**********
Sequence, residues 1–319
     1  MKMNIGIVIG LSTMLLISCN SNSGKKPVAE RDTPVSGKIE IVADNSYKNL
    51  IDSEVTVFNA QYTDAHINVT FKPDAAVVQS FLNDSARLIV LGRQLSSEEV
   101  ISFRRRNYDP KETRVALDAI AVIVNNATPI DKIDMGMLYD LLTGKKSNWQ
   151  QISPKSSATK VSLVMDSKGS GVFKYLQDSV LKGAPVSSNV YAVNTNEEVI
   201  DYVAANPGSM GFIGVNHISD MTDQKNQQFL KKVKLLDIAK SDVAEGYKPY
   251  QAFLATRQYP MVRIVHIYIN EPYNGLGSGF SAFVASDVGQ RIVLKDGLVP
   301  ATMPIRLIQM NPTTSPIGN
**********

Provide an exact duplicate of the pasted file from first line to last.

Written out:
Sequence, residues 1–319
     1  MKMNIGIVIG LSTMLLISCN SNSGKKPVAE RDTPVSGKIE IVADNSYKNL
    51  IDSEVTVFNA QYTDAHINVT FKPDAAVVQS FLNDSARLIV LGRQLSSEEV
   101  ISFRRRNYDP KETRVALDAI AVIVNNATPI DKIDMGMLYD LLTGKKSNWQ
   151  QISPKSSATK VSLVMDSKGS GVFKYLQDSV LKGAPVSSNV YAVNTNEEVI
   201  DYVAANPGSM GFIGVNHISD MTDQKNQQFL KKVKLLDIAK SDVAEGYKPY
   251  QAFLATRQYP MVRIVHIYIN EPYNGLGSGF SAFVASDVGQ RIVLKDGLVP
   301  ATMPIRLIQM NPTTSPIGN